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blok said:   Buying real estate wont reduce your tax liability on that money.
Losing money on a rental property could reduce your overall liability. But more than likely, you won't be able to claim all of the rental losses in the year of your windfall because your AGI will be too high. However, the losses do carryover to subsequent years.

I always tell people never to make huge financial decisions based on their tax implications alone. If you were planning on investing in rental property with you windfall anyway, then by all means, structure the transactions to get the best possible tax benefit. But if you are just looking for a way to reduce your tax liability, spending thousands of $$$ on a complicated real estate transaction that will just create more tax headaches over the coming years isn't a great idea. Since you are an experience real estate investor, I suppose you were planning on doing this anyway.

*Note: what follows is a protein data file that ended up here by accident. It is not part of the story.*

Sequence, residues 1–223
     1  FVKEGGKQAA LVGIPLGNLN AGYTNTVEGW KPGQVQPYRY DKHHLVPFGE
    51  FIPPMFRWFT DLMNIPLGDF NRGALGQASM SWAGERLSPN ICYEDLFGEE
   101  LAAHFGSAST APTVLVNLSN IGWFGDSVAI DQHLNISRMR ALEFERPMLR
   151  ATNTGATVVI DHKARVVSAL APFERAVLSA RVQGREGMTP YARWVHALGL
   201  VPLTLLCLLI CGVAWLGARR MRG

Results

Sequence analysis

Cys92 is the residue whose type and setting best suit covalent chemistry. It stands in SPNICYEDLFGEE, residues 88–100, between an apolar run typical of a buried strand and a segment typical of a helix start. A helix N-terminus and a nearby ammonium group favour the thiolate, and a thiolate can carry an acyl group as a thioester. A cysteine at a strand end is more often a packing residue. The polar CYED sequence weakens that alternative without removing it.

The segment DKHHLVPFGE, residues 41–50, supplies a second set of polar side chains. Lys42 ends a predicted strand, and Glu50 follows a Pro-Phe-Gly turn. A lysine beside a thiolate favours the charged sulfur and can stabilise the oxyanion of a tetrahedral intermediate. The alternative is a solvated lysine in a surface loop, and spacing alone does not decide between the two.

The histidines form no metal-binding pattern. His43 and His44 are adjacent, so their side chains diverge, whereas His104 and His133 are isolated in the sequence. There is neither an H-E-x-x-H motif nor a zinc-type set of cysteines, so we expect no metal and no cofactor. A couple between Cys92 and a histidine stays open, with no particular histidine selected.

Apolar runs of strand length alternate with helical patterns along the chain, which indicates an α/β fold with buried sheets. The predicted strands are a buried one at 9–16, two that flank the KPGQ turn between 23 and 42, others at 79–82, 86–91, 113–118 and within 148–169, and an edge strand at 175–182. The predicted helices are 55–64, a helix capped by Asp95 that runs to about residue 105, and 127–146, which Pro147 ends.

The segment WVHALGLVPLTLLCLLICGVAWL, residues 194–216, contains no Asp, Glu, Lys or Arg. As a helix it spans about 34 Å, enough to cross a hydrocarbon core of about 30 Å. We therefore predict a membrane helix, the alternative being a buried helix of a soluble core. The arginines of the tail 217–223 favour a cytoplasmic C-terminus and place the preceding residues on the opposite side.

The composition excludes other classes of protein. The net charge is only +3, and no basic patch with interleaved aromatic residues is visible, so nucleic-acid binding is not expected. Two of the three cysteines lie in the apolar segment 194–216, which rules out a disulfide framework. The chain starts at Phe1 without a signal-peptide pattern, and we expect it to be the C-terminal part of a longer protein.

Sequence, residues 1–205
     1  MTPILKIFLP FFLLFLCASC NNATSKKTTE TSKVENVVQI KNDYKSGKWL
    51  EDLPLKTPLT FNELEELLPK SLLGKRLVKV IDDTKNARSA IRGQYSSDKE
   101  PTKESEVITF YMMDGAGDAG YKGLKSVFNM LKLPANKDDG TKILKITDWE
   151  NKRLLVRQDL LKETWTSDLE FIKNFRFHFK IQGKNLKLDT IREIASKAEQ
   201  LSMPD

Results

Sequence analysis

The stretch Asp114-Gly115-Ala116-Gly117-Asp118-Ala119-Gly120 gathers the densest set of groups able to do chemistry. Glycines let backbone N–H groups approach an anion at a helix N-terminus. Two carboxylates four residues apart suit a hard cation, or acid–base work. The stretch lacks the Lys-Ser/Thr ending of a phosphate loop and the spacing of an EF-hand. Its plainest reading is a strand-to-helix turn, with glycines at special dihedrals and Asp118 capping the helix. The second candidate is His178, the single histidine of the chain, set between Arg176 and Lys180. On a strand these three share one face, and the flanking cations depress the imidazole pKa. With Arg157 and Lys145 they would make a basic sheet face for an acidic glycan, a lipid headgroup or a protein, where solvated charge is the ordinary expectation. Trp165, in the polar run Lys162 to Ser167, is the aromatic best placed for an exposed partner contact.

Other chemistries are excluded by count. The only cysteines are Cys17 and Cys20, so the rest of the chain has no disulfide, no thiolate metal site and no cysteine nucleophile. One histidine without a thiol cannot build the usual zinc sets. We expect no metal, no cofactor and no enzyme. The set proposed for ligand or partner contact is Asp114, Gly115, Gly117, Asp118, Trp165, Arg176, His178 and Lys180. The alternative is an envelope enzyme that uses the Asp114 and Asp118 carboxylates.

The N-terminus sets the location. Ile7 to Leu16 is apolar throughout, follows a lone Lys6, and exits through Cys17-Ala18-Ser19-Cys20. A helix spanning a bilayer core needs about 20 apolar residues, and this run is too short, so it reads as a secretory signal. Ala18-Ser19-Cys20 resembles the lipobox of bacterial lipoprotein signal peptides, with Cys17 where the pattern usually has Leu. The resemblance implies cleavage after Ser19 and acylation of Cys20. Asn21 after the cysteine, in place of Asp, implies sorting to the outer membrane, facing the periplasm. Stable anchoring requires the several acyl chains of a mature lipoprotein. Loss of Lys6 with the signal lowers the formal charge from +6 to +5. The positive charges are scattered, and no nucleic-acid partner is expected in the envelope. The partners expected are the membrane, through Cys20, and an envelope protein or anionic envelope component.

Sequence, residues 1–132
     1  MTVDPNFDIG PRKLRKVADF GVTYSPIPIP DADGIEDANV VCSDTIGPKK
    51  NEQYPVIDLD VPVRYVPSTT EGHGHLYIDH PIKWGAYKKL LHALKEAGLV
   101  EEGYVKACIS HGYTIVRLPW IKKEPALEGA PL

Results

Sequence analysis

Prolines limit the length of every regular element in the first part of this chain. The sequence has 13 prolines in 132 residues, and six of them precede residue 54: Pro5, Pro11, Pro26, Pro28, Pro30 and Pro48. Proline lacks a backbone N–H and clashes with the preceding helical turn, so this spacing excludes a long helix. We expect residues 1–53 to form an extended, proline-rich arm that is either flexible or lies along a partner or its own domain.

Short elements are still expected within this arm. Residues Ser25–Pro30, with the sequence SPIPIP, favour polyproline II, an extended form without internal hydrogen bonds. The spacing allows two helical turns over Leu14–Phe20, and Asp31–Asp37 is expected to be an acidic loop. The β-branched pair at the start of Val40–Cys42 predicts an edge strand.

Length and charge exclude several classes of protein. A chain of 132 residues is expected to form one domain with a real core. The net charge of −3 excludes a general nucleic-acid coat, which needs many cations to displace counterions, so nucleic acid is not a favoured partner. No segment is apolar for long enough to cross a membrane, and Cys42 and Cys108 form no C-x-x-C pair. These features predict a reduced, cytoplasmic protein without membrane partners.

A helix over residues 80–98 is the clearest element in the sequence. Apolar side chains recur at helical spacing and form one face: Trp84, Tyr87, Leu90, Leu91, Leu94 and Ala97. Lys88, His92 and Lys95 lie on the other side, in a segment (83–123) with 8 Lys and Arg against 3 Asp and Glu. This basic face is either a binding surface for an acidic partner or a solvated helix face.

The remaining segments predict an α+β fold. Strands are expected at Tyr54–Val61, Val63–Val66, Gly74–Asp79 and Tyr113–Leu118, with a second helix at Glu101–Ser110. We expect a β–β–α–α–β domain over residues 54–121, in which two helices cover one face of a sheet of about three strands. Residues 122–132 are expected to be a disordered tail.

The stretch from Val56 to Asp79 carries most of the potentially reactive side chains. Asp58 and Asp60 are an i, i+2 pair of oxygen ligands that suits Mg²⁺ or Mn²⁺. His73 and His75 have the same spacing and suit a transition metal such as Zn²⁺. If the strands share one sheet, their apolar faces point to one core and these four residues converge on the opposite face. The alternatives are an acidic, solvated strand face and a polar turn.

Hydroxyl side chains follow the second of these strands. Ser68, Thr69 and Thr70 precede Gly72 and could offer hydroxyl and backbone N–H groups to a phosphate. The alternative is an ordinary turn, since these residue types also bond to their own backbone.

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jerosen said:   
solarUS said:   
blok said:   Buying real estate wont reduce your tax liability on that money.
well...you can take losses, including depreciation...these often exceed the income received such that you have a legal "paper loss" that can reduce taxable income, up to 25k for an active investor. this is especially true if the property needs extensive repairs - those are typically expensed in the year they occur.

  
But if he's got 80-100k of extra regular income he'll and he's already in the 28% bracket then he will be above the income level for passive loss deductions for the year.   ETA (unless he's a real estate pro)